2. Any existing ROH1, ROH2, and IHQ as mentioned above may transform itself into an International Business Center (IBC) which is the replacement scheme. However, in order for the transformed company to receive tax privileges under IBC, it must comply with all IBC requirements.
3. An IBC is defined as a company established under Thai law with the purpose to conduct business in providing administrative services, technical services, support services, and financial management services for associated enterprises, or international trade.
4. The required qualifications for an IBC under the new rules:
(1) Paid-up capital on the last day of each accounting period starting from 10 million Baht.
(2) At least 10 employees that have the necessary knowledgeability and skills to work for the IBC, or at least 5 employees in the case of providing financial management services for associated enterprises only.
(3) IBC expenditures paid to any receiver in Thailand shall be at a minimum of 60 million Baht in each accounting period.
5. Tax privileges under the IBC scheme include:
Reduction of corporate income tax derived from providing services or administration to internal or external associated enterprises to 8%, 5%, or 3%, based on expenditures occurring in Thailand in the amount of 60 million Baht, 300 million Baht, or 600 million Baht respectively.
Exemption on corporate income tax for dividends derived from internal or external associated enterprises.
Exemption on specific business tax derived from financial management to internal or external associated enterprises.
Reduction of personal income tax for expatriates who work for the IBC to 15%
Exemption on corporate income tax to a company or juristic partnership established under foreign laws and conducting no business in Thailand for dividends or interest received from an IBC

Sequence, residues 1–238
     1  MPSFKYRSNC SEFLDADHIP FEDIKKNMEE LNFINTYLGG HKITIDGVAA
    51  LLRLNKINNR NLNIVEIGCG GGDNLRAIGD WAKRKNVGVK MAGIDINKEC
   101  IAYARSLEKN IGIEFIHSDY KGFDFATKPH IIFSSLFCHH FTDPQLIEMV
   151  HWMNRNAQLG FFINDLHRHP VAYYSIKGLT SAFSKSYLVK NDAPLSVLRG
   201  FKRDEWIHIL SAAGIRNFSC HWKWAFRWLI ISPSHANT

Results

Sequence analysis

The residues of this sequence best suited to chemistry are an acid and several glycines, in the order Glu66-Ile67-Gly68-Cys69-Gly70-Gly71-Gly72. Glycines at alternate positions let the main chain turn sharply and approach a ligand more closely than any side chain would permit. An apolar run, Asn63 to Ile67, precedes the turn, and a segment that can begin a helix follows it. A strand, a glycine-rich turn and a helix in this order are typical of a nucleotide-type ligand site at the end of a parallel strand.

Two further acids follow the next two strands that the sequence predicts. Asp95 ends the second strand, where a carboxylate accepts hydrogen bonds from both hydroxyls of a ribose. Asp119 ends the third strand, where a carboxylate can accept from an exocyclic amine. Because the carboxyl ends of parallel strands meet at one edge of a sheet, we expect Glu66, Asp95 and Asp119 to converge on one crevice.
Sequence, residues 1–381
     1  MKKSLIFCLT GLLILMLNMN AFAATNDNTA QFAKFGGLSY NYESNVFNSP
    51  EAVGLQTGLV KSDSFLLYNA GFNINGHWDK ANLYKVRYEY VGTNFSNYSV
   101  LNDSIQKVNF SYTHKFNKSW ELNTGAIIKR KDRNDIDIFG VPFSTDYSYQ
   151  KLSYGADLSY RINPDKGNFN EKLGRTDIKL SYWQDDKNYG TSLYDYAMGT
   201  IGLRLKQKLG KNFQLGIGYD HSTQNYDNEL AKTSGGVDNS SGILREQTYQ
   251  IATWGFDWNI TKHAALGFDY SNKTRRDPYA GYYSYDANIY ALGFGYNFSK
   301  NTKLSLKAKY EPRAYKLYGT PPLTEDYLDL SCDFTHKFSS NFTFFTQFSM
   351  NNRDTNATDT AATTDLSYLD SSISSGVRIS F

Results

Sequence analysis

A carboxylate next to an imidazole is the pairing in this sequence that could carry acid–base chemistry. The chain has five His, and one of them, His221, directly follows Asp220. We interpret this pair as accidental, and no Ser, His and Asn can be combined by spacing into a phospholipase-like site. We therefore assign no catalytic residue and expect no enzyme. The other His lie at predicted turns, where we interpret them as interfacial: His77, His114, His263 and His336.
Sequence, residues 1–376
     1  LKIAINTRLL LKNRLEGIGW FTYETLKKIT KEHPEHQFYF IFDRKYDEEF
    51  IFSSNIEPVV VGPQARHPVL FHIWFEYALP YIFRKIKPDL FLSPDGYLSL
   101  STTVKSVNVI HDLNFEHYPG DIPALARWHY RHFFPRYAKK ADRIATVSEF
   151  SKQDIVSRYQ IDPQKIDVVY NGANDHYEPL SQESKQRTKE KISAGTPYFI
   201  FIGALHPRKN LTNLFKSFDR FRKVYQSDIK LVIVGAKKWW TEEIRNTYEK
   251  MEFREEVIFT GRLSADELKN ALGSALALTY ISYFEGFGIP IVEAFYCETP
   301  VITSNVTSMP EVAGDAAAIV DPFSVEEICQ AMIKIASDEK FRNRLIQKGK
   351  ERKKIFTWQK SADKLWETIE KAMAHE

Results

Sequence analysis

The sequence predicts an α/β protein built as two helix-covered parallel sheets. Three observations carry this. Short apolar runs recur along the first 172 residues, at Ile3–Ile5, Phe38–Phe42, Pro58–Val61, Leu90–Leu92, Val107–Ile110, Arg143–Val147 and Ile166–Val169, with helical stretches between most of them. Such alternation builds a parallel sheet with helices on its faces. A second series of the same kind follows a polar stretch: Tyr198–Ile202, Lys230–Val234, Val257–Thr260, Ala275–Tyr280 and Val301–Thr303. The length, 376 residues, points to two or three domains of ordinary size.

For more information: www.rd.go.th
Additional Option for Submitting the Annual Report and Shareholders List for Public Limited Companies
A public limited company has the obligation to file an annual report approved by the shareholders to the registrar within one month from the date of the shareholders meeting together with a list of the shareholders existing on the said meeting date. The Director-General of the Department of Business Development (DBD) announced that an additional option for such submission is now available. At this time, the annual report and shareholders list and cover letter can be filed in the form of a URL and QR Code (if any) as per the format set by the DBD. Please note that the former method of document submission in compact disc form with a cover letter remains unchanged.
Extension for Financial Statement Filing
According to the notification on the rules and procedures for financial statement filing dated 23 November 2018, the filing of financial statements via Department of Business Development (DBD) e-filing shall be extended for up to 7 days from 31 May 2019 to 7 June 2019. Such extension will apply to registered partnerships, juristic persons established under foreign laws and carrying out business in Thailand, joint ventures pursuant to the Revenue Code, and private limited companies and public limited companies, all with an accounting period ending on December 31, 2018 and a filing financial statement due date on 31 May 2019.
Increase of Child Benefit Rates to Employees